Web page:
Spotify launch anti-trust claims against Apple

August 2016



Music streaming platform Spotify has accused Apple of using its control of the iOS platform and App Store to keep the latest Spotify app out of the iOS ecosystem, in a move that favours its own Apple Music service. Spotify said that Apple rejected a new version of the firm’s app from the App Store, citing various technicalities.
Apple has insisted that Spotify’s app did not conform to “business model rules”, and demanded that Spotify use Apple’s own billing system “to acquire new customers and sell subscriptions”. Companies such as Spotify have sought to sidestep Apple’s App Store cut by encouraging consumers to sign up for their services online. Apple forbids developers from promoting alternative payment methods within their apps. This is a requirement of all app developers who wish to sell apps on Apple’s App Store. iOS is a closed platform, and so Spotify say there is no choice but to comply.
Apple takes a 30 per cent fee for the privilege, which Spotify is forced to pass on to customers. Spotify claimed that this makes its service appear uncompetitive. But Apple General Counsel Bruce Sewell countered that the company deserves a cut of transactions in the App Store for its work operating the marketplace, according to a copy of a letter to Spotify General Counsel Horacio Gutierrez seen by Reuters. Sewell insisted that Apple was treating Spotify as it would any other app maker, in keeping with antitrust law. “We understand that you want special treatment and protections from competition, but we simply will not do that because we firmly adhere to the principle of treating all developers fairly and equitably,” Sewell wrote to Spotify.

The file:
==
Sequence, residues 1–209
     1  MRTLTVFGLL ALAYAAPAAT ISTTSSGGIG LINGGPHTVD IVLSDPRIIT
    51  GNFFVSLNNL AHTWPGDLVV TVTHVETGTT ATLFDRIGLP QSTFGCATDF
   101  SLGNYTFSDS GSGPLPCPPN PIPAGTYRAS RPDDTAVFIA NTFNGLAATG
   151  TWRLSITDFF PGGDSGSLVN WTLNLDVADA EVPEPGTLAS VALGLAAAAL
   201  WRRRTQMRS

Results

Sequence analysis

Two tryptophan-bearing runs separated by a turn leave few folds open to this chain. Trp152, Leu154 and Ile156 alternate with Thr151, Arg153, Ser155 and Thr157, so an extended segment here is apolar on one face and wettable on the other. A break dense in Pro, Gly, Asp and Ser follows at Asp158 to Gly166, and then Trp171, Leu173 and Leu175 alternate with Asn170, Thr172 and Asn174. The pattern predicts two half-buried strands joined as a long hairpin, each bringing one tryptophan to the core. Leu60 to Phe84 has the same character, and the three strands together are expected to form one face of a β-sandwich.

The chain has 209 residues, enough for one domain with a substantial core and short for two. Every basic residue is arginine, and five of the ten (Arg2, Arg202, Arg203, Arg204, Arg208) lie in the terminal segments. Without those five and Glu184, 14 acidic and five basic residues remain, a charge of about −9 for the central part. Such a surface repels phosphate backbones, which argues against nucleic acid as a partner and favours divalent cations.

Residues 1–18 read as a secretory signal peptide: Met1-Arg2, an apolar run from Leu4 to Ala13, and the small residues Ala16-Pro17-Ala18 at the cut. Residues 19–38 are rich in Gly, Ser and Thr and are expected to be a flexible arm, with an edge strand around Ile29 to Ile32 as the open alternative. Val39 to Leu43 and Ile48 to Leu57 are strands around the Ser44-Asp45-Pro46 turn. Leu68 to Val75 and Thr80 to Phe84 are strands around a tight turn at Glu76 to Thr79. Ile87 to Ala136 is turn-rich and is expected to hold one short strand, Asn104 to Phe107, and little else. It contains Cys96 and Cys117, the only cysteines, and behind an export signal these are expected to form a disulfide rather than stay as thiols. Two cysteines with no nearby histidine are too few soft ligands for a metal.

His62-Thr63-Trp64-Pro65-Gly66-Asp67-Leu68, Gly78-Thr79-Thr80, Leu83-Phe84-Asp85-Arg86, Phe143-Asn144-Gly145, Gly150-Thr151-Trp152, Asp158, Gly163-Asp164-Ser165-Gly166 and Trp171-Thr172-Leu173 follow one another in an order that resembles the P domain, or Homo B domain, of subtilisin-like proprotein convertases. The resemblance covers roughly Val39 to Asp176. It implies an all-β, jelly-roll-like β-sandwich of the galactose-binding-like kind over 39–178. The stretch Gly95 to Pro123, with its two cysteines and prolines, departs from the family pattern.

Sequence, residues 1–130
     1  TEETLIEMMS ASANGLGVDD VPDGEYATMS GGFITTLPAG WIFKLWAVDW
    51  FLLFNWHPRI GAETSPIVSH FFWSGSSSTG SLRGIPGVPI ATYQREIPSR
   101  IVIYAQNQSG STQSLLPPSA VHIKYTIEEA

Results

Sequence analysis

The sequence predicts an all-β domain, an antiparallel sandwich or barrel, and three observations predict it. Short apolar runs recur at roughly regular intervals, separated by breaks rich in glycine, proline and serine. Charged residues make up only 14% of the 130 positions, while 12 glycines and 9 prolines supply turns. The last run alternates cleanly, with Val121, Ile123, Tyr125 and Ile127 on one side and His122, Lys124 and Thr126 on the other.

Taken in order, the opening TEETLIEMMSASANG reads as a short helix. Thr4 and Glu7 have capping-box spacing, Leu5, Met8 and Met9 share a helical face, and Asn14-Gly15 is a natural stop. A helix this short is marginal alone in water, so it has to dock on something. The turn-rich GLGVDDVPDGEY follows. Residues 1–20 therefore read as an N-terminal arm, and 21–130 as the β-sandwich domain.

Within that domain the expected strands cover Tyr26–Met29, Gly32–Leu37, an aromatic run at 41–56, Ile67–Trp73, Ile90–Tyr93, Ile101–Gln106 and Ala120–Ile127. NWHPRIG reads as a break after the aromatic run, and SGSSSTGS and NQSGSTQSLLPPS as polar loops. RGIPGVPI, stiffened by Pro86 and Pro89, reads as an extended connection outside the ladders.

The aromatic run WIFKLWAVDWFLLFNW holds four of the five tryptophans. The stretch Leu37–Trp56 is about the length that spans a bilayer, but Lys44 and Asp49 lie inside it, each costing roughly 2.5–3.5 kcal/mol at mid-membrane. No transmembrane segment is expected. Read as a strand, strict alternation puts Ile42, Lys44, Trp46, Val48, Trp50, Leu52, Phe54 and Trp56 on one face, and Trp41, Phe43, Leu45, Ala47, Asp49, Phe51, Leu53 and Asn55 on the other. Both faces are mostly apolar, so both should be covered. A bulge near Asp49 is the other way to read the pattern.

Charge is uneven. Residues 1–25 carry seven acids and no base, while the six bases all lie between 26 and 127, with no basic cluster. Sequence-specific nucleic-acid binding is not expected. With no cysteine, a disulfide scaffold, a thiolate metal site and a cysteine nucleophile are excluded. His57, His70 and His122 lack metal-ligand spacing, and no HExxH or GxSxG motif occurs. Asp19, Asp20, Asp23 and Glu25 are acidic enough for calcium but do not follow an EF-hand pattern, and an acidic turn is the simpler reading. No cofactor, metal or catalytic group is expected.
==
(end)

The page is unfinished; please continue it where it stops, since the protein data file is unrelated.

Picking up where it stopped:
Spotify say Apple’s rejection of Spotify’s app raised “serious concerns” under competition law in the United States and Europe and the move was causing “grave harm to Spotify and its customers.


The two companies have gone head to head in the battle for music streaming customers since Apple Music was launched in more than 100 countries last year. Launched a decade ago, Spotify is the world’s biggest paid music streaming service with about 30 million paying users in 59 markets while Apple Music has some 13 million. Music streaming is a crowded field. Alphabet’s Google Music and YouTube,  Pandora Media Inc and rapper Jay Z’s Tidal are all players and the latter is now seemingly a target for Apple. Amazon is also preparing a standalone streaming service.

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